Creating a solid engineering vision is essential to building a high-purpose environment. A well-defined vision acts as a guiding star for your team and ensures that everyone is working towards the same goal.
Having a clear, motivating, inspiring, and achievable vision is one of the crucial pillars of distributed decision-making and leadership. Only when people understand the bigger goal can they get creative about achieving it.
The critical question, however, is how to create such a vision. I will answer this question in this article, part three of my series, about high-purpose environments.
7 Steps for a Compelling Engineering Vision
Here are seven critical steps to craft a compelling engineering vision:
1. Align with the company vision
Your engineering vision should be aligned with the overall company vision, as it needs to contribute to the broader goals and objectives of the organization. Start by understanding the company’s vision, mission, and values and identify how the engineering team can contribute to realizing that vision.
For small companies, there might be no need for a dedicated engineering vision. Suppose your organization is just a handful of people who work cross-functional, and the company vision is clear, applicable, and inspiring enough for engineers. In that case, you might better discuss how your team can impact the company vision.
2. Focus on impact
People want to feel like their work is valuable and impactful. Most people in high-paid disciplines like software engineering are not working for the money alone.
A good engineering vision should emphasize the impact the team aims to have on the organization, its customers, and the industry. Consider how your engineering efforts can create value, solve problems, and drive innovation. This impact-driven approach will inspire your team and give them a sense of purpose.
3. Involve your team
Your engineering vision should resonate with every member of the team. Involving your team in the creation process ensures the vision is rooted in their expertise, experience, and aspirations. This collaborative approach will lead to greater buy-in and commitment from your team members.
In practice, this can mean that you, as a leader, create a vision statement that sets the direction you want to go. Then you discuss this statement with various people in your engineering organization, collect their questions and feedback and iterate on it.
Then, you repeat this process with other people in your team. This ensures that people contribute to the vision while you, as engineering team leader, set the initial direction. You also get a good feeling about how the vision resonates with the team and if it could serve as a guide. Once you are sufficiently happy with the vision statement, communicate it via various channels and as much as possible. Ideally, you reflect with teams on the vision and let them figure out what it means for them.
4. Keep it simple and clear
A compelling engineering vision should be concise, clear, and easy to understand. Avoid using jargon or complex language that may create confusion or misunderstanding. All team members should understand the vision and be able to communicate it, regardless of their role or technical expertise.
5. Make it aspirational yet achievable
Your engineering vision should strike a balance between being aspirational and achievable. While it is important to set ambitious goals that challenge and inspire your team, the vision should also be grounded in reality and achievable within a reasonable time frame.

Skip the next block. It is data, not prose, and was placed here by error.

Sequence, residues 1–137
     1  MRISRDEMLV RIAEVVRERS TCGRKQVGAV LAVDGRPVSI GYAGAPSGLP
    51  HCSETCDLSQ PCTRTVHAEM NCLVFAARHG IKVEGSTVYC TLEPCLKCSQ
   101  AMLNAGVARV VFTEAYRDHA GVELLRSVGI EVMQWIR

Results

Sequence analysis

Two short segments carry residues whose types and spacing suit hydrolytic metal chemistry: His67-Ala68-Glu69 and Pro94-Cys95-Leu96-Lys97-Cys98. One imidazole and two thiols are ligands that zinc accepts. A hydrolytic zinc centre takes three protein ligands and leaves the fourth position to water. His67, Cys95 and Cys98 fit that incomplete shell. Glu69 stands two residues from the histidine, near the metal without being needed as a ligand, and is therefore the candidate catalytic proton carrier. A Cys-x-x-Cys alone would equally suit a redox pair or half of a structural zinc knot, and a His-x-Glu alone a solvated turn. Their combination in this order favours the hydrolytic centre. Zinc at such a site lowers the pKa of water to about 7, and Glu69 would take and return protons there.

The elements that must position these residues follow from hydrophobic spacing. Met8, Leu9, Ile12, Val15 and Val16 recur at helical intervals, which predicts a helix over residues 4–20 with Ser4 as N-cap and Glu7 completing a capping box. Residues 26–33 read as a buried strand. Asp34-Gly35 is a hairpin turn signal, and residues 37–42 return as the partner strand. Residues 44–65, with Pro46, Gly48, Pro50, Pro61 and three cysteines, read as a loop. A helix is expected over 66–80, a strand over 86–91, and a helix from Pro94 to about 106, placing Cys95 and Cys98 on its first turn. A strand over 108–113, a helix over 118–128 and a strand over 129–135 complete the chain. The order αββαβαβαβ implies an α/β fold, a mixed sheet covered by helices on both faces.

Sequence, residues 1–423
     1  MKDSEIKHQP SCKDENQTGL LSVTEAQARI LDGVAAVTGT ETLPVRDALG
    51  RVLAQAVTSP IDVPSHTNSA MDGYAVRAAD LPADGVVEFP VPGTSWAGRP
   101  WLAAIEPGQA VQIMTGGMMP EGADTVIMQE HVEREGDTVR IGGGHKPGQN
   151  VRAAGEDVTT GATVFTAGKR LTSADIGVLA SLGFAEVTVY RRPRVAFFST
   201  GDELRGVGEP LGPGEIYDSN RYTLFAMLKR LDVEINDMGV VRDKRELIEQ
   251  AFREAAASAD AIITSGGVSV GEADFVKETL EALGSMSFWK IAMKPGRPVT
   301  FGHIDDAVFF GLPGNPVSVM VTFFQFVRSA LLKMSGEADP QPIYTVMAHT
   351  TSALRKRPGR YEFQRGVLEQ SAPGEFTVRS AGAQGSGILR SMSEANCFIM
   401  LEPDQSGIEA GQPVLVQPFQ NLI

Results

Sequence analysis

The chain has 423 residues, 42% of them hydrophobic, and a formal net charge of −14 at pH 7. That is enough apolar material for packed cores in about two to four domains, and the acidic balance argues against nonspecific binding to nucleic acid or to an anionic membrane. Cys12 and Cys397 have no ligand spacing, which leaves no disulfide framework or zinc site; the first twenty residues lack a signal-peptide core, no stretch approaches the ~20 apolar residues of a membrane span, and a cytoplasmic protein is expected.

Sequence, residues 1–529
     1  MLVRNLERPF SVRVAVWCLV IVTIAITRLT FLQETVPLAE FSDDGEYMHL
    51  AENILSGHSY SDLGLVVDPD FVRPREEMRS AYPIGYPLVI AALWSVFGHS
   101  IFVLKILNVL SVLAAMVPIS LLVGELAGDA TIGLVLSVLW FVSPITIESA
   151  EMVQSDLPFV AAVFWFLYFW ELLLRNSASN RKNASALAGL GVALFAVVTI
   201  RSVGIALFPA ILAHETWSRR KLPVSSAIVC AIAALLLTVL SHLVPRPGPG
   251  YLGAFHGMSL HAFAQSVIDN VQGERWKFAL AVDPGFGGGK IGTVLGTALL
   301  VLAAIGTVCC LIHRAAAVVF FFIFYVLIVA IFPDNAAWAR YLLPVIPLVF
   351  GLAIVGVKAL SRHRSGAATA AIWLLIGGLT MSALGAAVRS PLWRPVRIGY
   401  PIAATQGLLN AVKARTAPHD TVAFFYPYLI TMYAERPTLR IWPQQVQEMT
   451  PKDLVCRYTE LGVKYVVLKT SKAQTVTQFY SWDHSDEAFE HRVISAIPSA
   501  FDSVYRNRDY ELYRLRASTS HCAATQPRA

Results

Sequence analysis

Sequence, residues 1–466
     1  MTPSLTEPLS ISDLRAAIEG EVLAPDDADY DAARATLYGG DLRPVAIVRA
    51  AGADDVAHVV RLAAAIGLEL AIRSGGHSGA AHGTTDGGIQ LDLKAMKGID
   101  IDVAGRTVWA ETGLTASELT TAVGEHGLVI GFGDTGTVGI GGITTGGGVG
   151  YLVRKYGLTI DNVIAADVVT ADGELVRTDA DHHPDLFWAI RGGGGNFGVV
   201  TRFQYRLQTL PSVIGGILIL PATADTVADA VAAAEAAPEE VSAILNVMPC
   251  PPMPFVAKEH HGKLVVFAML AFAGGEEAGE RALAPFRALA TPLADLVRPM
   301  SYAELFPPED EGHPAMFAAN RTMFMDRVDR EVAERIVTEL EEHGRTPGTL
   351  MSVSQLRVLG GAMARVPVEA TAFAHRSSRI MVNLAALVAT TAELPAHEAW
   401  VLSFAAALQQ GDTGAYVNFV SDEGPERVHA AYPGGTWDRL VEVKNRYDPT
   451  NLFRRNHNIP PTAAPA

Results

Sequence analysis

If the vision is too big, people won’t be able to connect the current reality with that grand vision. If it is too small and close to the status quo, people won’t feel motivated to take action.
6. Communicate and reinforce the vision
Once you have crafted your engineering vision, it is essential to communicate it effectively to your team and the broader organization. Ensure the vision is prominently displayed in your workspace and regularly referenced in team meetings and discussions. Reinforce the vision through your actions and decisions. Demonstrate your commitment to achieving it.
In bigger organizations, having a couple of people on the engineering team who completely buy the vision and act as ambassadors for it with their peers can be very helpful for the vision to stay present and influence day-to-day work.
7. Review and revise
As your organization grows and evolves, reviewing and revising your engineering vision is essential to ensure it remains relevant and aligned with the company’s broader goals. Regularly revisiting your vision allows you to adapt to changing circumstances, new technologies, and emerging opportunities.
It is important to note that even though a vision can be changed, it shouldn’t be changed too often. If you find yourself changing the vision every quarter, it is probably too small. Having a vision with a 1-2 year time horizon for smaller and 3-4 years for bigger companies seems like a good start. Otherwise, you might be too busy figuring out the right vision or communicating changes to the team.
This was part three of the high-purpose environments series.
- In part four, we will cover the “Importance of Values and Guiding Principles for Distributed Decision Making“.
- The topic “Engineering Excellence through Mission-Driven Teams” will be covered in part five.
- The sixth and final part will be about “Engineering Strategy: Actionable and Specific Guidance for Growing Engineering Teams”.
A compelling engineering vision is a crucial component of a high-purpose environment. It provides direction, fosters a sense of unity, and inspires your team to strive for excellence. By following the steps outlined above, you can craft a powerful engineering vision that aligns with your organization’s goals and drives your team toward success.
Want help creating and communicating your engineering vision? Schedule a free call with me, and we discuss how I can help you.